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C-section scar massage


It is understandably challenging to begin the journey of acceptance with your c-section scar. Time and compassion are needed to help you heal and to acknowledge that this scar is now part of you and is connected to your birth experience.


To familiarise ourselves with our scar takes courage and when it comes to scar massage, we know we should do it and how we can benefit from it, but for most of us it takes a lot to physically touch a space on our body that may be connected to deep emotion and/or trauma.


It is not uncommon to feel disconnected to your scar. Especially if you experienced an emergency C-section or had a traumatic birth. Our bodies hold memories deep within our tissues and touching your scar may bring up memories and emotion from your birth. We all have our own timeline of healing - be gentle with yourself and when you are ready, try to work on getting used to touching and applying pressure to your scar gradually, this will allow for greater healing to happen both physically and emotionally.

Usually your surgeon or LMC will check that your scar is healed around 6 weeks after your baby's birth.


Why is it important to massage your scar?

  • Frequent massage helps to reduce skin sensitivity to touch and pressure.

  • Massage touch and applied pressure can help to reduce nerve pain.

  • Frequent massage can help to prevent and break up adhesions in the scar tissue.

  • Massage promotes circulation and the body's tissues are supported to remodel into a smooth arrangement which is able to move with ease.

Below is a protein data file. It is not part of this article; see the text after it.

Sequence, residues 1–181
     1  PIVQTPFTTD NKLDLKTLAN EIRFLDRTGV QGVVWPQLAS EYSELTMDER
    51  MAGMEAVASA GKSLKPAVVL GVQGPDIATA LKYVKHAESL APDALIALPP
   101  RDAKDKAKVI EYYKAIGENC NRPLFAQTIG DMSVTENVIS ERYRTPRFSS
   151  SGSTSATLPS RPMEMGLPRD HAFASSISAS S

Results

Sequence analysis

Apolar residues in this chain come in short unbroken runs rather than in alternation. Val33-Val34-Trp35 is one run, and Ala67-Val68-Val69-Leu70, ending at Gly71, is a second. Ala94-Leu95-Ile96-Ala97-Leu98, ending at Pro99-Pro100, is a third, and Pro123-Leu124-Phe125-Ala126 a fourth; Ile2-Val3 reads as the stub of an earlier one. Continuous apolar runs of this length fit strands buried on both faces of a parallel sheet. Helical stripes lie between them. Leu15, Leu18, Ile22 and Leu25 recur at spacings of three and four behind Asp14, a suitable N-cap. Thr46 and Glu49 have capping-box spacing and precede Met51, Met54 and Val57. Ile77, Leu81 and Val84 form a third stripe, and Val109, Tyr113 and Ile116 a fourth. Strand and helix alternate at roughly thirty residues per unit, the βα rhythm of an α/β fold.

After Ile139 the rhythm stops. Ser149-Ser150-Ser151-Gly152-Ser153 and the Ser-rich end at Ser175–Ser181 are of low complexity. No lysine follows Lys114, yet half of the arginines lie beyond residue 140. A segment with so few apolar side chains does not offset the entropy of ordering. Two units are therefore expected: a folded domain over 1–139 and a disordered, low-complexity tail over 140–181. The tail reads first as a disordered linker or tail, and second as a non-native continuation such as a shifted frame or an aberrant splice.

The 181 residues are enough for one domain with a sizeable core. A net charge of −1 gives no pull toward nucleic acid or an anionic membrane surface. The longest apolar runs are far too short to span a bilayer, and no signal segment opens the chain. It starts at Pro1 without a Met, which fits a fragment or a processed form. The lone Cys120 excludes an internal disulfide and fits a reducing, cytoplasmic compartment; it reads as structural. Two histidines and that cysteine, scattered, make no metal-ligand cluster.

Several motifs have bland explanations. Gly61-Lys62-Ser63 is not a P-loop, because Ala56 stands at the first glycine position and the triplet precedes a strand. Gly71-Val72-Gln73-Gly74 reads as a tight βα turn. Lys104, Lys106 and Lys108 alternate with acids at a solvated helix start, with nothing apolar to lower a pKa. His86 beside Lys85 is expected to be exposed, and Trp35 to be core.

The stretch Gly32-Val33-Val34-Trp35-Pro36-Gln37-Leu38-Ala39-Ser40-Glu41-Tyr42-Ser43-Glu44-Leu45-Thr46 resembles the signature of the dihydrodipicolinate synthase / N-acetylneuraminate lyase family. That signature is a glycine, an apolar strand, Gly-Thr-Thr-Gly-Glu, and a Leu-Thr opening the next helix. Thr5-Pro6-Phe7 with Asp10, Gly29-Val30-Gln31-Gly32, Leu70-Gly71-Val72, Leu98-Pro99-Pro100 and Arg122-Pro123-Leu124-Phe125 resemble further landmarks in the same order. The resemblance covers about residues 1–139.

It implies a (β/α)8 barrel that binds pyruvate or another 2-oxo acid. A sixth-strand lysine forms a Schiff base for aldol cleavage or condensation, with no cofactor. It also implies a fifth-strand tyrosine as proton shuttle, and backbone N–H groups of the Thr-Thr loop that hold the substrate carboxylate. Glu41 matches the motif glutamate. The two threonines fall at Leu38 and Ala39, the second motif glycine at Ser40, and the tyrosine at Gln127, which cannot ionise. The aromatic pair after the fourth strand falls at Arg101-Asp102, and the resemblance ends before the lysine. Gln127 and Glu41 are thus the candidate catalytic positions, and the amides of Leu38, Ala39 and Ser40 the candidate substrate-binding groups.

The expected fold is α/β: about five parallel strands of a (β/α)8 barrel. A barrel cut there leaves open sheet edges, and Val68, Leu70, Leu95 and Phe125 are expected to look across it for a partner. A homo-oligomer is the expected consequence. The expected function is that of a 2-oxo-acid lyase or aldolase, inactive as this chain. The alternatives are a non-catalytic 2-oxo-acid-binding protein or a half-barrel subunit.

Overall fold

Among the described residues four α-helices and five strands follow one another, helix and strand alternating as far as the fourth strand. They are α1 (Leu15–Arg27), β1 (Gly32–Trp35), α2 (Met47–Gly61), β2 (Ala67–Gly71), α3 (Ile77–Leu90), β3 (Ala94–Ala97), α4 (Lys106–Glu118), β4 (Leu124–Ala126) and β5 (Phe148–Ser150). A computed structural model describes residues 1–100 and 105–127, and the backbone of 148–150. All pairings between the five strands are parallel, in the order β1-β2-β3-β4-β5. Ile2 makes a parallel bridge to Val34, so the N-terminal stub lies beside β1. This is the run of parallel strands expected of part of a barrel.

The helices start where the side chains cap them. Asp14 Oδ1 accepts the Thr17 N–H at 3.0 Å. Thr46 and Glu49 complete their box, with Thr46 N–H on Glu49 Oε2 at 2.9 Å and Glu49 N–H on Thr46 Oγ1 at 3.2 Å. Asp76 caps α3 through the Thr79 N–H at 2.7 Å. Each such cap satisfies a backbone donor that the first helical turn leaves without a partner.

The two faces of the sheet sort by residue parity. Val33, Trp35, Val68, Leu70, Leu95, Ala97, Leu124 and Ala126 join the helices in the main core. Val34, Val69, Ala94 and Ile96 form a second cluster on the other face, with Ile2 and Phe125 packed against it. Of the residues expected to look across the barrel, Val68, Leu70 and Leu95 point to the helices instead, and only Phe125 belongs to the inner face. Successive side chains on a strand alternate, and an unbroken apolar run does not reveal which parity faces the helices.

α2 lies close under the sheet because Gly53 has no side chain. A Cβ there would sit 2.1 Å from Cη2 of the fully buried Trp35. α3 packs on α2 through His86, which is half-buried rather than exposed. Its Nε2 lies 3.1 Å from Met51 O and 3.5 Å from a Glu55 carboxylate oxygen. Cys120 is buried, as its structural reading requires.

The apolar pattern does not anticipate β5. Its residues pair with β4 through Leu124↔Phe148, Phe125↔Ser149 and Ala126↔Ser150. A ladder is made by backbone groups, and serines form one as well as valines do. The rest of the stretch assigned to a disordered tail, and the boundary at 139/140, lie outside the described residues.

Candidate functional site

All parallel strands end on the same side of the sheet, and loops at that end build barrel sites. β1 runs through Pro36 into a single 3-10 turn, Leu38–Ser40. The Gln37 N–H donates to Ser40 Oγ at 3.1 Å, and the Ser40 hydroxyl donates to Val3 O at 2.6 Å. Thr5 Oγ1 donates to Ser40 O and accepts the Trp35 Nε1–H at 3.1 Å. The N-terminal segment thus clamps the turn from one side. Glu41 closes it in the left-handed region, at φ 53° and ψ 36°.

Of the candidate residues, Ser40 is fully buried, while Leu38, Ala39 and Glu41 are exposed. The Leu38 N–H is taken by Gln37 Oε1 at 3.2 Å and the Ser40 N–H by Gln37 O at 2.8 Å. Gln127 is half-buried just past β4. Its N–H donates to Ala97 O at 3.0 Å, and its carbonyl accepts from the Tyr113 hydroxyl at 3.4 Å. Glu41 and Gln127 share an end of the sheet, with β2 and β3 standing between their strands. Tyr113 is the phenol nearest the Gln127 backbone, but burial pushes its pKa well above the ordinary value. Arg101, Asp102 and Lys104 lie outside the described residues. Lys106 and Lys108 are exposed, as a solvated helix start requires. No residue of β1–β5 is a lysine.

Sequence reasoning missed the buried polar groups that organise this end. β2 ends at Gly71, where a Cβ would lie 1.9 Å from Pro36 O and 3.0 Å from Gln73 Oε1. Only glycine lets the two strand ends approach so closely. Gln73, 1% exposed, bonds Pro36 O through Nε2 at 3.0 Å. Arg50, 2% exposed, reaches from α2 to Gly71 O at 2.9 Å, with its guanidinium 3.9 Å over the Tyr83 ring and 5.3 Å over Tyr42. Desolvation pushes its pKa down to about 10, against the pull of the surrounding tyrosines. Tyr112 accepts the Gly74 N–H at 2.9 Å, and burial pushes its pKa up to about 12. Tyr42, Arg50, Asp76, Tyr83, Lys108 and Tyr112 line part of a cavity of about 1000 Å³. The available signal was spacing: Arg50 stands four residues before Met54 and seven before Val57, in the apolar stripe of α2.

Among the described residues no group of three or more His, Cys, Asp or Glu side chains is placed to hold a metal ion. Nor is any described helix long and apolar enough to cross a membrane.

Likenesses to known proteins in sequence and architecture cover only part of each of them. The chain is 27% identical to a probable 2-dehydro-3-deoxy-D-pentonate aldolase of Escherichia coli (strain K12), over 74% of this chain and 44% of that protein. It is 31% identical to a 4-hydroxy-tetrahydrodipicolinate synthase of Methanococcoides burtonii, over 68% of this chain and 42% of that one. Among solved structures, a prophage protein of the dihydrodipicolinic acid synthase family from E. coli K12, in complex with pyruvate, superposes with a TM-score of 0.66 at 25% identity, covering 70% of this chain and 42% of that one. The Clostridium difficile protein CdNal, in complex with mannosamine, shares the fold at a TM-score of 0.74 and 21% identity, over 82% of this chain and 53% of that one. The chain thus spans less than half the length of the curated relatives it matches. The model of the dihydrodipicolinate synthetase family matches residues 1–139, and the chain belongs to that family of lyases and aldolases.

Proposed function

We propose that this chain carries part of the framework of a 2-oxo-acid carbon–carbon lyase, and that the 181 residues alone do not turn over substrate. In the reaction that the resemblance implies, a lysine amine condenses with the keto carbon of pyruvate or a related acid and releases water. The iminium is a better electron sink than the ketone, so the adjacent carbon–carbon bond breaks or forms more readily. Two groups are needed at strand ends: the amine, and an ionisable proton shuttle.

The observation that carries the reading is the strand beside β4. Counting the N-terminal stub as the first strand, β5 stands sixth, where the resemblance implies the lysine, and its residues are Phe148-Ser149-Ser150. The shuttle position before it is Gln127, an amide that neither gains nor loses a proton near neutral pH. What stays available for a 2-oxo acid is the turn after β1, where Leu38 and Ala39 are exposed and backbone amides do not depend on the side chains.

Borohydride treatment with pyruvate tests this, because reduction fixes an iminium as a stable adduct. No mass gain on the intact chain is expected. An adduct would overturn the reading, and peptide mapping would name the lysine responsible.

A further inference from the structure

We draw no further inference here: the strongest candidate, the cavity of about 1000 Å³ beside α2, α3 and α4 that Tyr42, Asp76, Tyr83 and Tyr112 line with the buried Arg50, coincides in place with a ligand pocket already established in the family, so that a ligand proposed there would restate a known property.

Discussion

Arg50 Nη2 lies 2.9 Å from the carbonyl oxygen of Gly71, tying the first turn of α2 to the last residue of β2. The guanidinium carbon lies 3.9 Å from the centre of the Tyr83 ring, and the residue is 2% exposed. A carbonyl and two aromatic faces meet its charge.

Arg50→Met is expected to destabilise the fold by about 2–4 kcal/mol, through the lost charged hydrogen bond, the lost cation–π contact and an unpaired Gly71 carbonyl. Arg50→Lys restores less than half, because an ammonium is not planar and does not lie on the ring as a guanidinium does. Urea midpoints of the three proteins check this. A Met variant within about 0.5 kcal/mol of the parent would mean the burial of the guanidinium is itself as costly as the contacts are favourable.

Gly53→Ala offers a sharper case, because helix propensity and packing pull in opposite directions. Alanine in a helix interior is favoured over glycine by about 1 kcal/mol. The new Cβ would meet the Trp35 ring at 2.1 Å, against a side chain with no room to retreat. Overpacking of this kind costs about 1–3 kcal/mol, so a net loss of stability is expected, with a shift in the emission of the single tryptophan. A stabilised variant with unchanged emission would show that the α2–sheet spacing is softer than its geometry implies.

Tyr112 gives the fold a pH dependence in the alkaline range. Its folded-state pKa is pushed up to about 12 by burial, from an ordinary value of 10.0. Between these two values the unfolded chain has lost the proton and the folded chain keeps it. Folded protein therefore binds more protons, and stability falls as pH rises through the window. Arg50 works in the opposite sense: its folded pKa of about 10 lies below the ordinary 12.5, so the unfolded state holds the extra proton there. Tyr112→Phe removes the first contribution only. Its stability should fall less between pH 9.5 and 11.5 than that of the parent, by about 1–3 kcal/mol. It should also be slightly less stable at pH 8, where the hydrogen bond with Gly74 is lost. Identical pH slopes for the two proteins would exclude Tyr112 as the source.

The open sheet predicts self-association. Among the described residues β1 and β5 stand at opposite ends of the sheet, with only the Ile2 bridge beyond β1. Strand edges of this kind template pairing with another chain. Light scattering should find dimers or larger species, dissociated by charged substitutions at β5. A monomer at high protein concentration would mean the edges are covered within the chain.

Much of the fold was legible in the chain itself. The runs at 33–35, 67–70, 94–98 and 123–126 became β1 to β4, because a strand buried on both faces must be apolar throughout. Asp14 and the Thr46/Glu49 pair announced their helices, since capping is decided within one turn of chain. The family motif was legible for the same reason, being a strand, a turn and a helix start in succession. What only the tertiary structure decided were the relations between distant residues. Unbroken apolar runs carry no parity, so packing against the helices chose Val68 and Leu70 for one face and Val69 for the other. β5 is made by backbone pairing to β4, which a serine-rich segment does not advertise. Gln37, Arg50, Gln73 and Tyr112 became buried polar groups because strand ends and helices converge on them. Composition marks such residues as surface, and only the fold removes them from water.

• Improves the mobility of your torso (chest, abdomen, back) and pelvis.

  • Improves the recruitment and function of the deep abdominal and pelvic floor muscles as well as reducing tension in these areas.

Massaging your scar: The aim is to mobilise all the layers of the tissue, (not just the superficial skin layer) so start with gentle pressure and as you feel more comfortable, gradually increase the applied firmness with your finger tips to get all the layers of tissue below the surface moving. Use as much oil that you feel you need for comfort but try not to use too much to avoid your fingers just slipping over the superficial skin layer.


Do Steps 1 and 2 for 1-2 minutes each.

  1. Use a small amount of coconut oil or castor oil (castor oil is quite thick and can stain so this is best used before hopping into a shower). Start with all 4 fingertips and perform medium-sized circular movements a few inches above your scar. Remember to always massage in a clockwise direction to follow the motions of the bowel.

  2. Horizontal - use 2 fingers tips just above the scar and sweep the fingertips left to right across the length of the scar, gently stretching and moving the tissue side to side. Repeat this step just below the scar. As the scar becomes less sensitive to massage, repeat this horizontal, side to side massage movement directly over the scar.

  3. Circular - Place 3 finger tips at one end of the scar. Perform small circular massage movements directly over the scar. Repeat along the length of the scar and then repeat in the reverse direction back to the start point. Spend 30-60 seconds at each spot.

  4. Vertical - Use 2 fingertips at one end of the scar directly over the scar. Perform an up/down movement with fingertips stretching the scar tissue, pause in the stretch for a few seconds. Repeat along the length of the scar and then repeat in the reverse direction back to the start point. Spend 30-60 seconds at each spot.

It is normal to feel pulling, tenderness or a burn type sensation when you begin this work around and over your scar. This is normal for stretching in the tissues. If you feel sharp pain, please contact your care provider.


Resourced from the amazingly supportive and knowledgeable physiotherapists at Unity Studios.

(https://unitystudios.co.nz)




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